Feast upon the Word Blog

A blog focused on LDS scriptures and teaching

Finding Comfort in the Book of…Jonah?

Posted by BrianJ on April 23, 2007

Sometimes it rains, and sometimes it pours. And sometimes it pours so hard and long that you’re not sure what to call it.

I have a friend who can juggle eleven balls all at once. Can you believe it? Eleven! But over the last few weeks I’ve felt like that ability still wouldn’t be enough for me to keep “in the air” everything I have coming at me.

So why, when I was out hiking alone and praying—and, I’ll be honest, also trying to avoid praying, lest God use the occasion to throw something more my way—did the Book of Jonah come as a source of comfort?

We all know the story of Jonah: he was called on a mission, ran away, swallowed by a whale, spit out a few days later, still had a sour attitude, and ended up with a nasty sunburn. And I think we all know many of the lessons of the story of Jonah: such as why Jonah didn’t want to obey his call, or the significance of the call being to Ninevah.

So, was God trying to call me a “Jonah?” Was he trying to say that I had a selfish, unforgiving attitude? As I hiked, the thought was very clear: “Think of the story of Jonah.” Here’s the condensed version:

The word of the LORD came unto Jonah;

Jonah rose up to flee, But the LORD sent out a great wind.

Now the LORD had prepared a great fish….

Then Jonah prayed, And the LORD spake unto the fish….

And the word of the LORD came unto Jonah the second time. So Jonah arose, and went unto Nineveh. So the people of Nineveh believed God, And God saw their works, that they turned from their evil way; and God repented of the evil.

But it displeased Jonah exceedingly, And he prayed unto the LORD.

Then said the LORD, Doest thou well to be angry?

And the LORD God prepared a gourd, and made it to come up over Jonah. But God prepared a worm when the morning rose the next day, and it smote the gourd that it withered.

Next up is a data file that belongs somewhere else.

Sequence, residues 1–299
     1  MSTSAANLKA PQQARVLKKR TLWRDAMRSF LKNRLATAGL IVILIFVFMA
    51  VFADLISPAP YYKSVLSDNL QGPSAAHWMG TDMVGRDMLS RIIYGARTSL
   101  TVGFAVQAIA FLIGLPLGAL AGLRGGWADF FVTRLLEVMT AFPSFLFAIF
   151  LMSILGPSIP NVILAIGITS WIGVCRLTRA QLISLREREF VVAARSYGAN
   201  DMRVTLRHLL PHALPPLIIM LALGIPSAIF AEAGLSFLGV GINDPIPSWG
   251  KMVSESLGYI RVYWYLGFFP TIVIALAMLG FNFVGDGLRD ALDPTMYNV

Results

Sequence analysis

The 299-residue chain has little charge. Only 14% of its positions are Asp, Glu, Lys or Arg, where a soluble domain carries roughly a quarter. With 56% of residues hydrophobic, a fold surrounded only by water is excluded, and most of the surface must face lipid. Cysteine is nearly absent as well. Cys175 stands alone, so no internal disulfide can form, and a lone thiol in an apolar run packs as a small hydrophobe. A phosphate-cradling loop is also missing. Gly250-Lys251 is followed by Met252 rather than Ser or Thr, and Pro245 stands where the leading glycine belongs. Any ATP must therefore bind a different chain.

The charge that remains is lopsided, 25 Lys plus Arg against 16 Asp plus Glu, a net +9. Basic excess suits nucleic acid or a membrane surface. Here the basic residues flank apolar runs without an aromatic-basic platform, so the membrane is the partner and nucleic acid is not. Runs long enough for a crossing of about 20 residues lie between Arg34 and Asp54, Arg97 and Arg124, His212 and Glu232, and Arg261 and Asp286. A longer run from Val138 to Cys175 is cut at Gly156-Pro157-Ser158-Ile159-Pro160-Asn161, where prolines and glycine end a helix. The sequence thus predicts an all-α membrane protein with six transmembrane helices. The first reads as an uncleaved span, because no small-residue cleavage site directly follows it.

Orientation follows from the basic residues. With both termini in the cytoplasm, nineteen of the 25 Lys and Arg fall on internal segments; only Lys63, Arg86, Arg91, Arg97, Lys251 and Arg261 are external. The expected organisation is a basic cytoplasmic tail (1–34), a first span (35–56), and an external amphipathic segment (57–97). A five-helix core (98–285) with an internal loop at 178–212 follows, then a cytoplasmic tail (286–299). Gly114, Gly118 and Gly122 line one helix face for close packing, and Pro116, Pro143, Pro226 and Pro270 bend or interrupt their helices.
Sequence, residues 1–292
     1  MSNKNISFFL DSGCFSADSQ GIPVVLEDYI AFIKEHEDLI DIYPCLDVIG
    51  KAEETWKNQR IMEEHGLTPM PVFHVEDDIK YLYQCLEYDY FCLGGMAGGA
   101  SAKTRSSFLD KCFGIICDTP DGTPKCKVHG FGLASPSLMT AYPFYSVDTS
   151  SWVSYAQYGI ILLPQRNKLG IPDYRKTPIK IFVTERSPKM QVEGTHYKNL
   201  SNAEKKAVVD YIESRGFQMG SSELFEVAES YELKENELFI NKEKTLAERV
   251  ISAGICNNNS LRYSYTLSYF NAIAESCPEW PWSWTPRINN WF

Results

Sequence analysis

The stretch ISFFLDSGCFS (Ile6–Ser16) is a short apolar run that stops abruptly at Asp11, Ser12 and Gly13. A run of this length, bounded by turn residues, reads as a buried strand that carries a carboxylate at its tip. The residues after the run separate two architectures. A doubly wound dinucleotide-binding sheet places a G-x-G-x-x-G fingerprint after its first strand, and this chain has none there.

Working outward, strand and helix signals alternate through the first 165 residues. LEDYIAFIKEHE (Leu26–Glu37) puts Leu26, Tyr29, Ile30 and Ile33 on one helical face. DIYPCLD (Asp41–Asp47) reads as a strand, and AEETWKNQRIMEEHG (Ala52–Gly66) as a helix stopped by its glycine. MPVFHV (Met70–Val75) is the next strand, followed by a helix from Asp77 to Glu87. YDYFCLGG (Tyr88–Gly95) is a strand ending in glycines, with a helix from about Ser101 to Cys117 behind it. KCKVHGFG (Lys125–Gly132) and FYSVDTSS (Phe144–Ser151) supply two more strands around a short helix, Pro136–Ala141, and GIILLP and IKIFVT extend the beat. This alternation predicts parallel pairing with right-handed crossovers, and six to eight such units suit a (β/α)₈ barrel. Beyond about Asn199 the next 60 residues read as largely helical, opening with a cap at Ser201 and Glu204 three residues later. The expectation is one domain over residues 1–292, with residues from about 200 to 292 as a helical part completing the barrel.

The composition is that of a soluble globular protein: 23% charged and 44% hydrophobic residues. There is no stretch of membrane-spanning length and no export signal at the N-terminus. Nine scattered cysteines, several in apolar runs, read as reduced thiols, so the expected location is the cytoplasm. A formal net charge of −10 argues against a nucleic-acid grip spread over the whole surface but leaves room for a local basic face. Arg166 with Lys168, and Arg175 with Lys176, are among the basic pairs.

And God said to Jonah, Doest thou well to be angry for the gourd?

But after much introspection, I couldn’t see how I was behaving like Jonah.

“Okay, Lord, I don’t get it. I’m not acting like Jonah, so what’s your point?”

“That’s right, you’re not acting like Jonah. But I, the Lord, am acting now just like I acted toward Jonah then.”

That’s when it dawned on me: everywhere Jonah went, the Lord could see him. From the top of the hill outside Ninevah to the edge of the sea and the dark belly of the whale, the Lord was everywhere: always mindful, always listening, always moving Jonah closer to…something.

“Okay, Lord: now I get it. Thank you.”

But I sensed there was still something I was missing—something I had missed despite studying the Book of Jonah for days just a few months ago. It was the Psalm of Jonah—that little chapter that takes place inside the sea monster’s belly—a few verses I had never taken seriously because, after all, they were from Jonah (of all people!).

When I got back from my hike, I read Jonah’s prayer (for the nth time), but this time I gave him the benefit of the doubt. Sure, Jonah was a “selfish jerk,” but then, aren’t we all at times? Should the Lord discount all of my prayers the way I discounted Jonah’s? His really is a beautiful prayer, full of faith, promises, and a hope that, yes, one day Jonah will—with the Lord’s help—make it through.

I cried by reason of mine affliction unto the LORD, and he heard me; out of the belly of hell cried I, and thou heardest my voice.

For thou hadst cast me into the deep, in the midst of the seas; and the floods compassed me about: all thy billows and thy waves passed over me. Then I said, I am cast out of thy sight; yet I will look again toward thy holy temple.

The waters compassed me about, even to the soul: the depth closed me round about, the weeds were wrapped about my head. I went down to the bottoms of the mountains; the earth with her bars was about me for ever: yet hast thou brought up my life from corruption, O LORD my God.

When my soul fainted within me I remembered the LORD: and my prayer came in unto thee, into thine holy temple. They that observe lying vanities forsake their own mercy. But I will sacrifice unto thee with the voice of thanksgiving; I will pay that that I have vowed. Salvation is of the LORD.

“I will”: is that a promise, or a prophecy?

3 Responses to “Finding Comfort in the Book of…Jonah?”

  1. robf said

    Thanks, what a great way to start my morning.

  2. Cherylem said

    Thanks for sharing this. I loved it.

  3. Jim F. said

    Thanks. Nice reflection.

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